HOWEVER, after we moved, the new owners had the well fail (I believe the drop pipe rotted out) and had big problems with mineral deposits in the heat exchangers. It was not a real deep well, and I'm guessing the water was very hard (lots of limestone around those parts) and lots of iron. I'm guessing the well water was probably acidic, too.

A nearby town (French Lick, IN) is famous for "Pluto Water", which is a naturally occuring mineral water that reeks of rotten eggs (sulfur). The hotel in town was (maybe still is) a big resort and you could take baths in hot Pluto Water, drink the stuff, and there was even a bottling plant in town so people could buy that wonderful natural elixir elsewhere (or take home a momento). :sick:

Back to the topic....Freddy - those heatpumps look very interesting! Do you have any idea of a typical installation cost?

chris
Economic Stimulus = Supporting your local Miners
I love the smell of Illinois bituminous in the morning.
Have you hooked a clinker today?

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nortcan
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Post Tue. Dec. 07, 2010 9:02 pm

Hi, the systems I was lookin at are closed loops so the system is pumping a mixt of water and some other liquid like glycol...The system you talked about was probably open loops. they are not too popular now. Thanks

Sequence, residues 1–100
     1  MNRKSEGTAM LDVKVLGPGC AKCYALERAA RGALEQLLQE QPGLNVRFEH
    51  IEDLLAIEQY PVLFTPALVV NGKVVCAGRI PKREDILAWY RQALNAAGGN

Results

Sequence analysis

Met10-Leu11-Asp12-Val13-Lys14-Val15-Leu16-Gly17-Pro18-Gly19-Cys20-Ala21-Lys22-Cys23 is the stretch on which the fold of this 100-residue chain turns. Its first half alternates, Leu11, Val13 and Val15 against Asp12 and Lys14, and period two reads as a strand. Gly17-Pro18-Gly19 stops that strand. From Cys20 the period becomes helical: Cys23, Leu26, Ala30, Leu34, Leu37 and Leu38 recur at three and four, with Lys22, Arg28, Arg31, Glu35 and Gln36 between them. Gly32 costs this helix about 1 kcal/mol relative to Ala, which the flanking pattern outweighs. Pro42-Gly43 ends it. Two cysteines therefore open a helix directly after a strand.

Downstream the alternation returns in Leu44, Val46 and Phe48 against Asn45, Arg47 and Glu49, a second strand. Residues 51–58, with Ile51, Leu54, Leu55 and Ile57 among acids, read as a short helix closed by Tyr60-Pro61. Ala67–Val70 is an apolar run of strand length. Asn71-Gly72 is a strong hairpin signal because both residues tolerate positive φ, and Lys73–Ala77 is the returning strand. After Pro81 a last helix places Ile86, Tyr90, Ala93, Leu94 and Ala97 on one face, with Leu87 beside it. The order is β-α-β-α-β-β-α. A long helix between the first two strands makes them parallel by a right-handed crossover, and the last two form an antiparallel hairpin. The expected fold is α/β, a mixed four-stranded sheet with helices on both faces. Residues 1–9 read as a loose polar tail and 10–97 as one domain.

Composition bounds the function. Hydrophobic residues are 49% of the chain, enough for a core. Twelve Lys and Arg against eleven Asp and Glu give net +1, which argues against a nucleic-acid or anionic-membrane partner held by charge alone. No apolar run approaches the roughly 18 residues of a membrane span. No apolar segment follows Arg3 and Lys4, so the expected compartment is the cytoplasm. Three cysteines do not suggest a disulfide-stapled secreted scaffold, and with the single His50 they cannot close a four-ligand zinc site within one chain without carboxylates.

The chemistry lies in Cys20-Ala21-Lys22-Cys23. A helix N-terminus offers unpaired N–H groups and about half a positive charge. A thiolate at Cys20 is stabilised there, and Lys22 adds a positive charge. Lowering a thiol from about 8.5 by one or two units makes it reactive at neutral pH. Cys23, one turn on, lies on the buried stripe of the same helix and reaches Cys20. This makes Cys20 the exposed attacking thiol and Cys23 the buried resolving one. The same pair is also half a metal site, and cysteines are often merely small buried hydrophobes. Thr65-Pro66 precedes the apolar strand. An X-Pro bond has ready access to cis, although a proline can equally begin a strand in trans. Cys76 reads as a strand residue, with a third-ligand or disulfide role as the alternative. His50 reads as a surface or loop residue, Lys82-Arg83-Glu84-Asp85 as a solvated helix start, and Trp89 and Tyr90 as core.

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nortcan
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Post Tue. Dec. 07, 2010 9:07 pm

VigIIPeaBurner wrote:I attend a meeting were an HVAC fellow talked about the numerous systems he's installed in NW NJ. For trench systems, he was talking at least 8' deep. He did not like slinky systems. IIRC it had to do with the loops overlaying its self and being less effective in heat transfer. He preferred the well water systems but you'd need a well with good recovery numbers and 500' deep.
I also heard about the possible troubles of overlaying but for squeezing and reducing the liquid flow.

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nortcan
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Post Tue. Dec. 07, 2010 9:12 pm

Freddy wrote:Skip the digging! Right next to me is the city where they invented *the* air to air heat pump that works.
I sent an e-mail to have more infos and to know if they sell direct like the entreprise I was talking about for DIY, Ingrams Water and air.
.Thanks

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Post Tue. Dec. 07, 2010 9:28 pm

http://www.climatemaster.com That is what we install,closed loop here in Central PA.
Tim Lesher

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Post Tue. Dec. 07, 2010 9:33 pm

Here a better sytem then any Geo. It call Earth to Air, still use a well, but instead of water, it still have the same refr. in the copper line set, not as deep as geo, but a better pay back.
Check out earthtoair.com
Thank, Gerard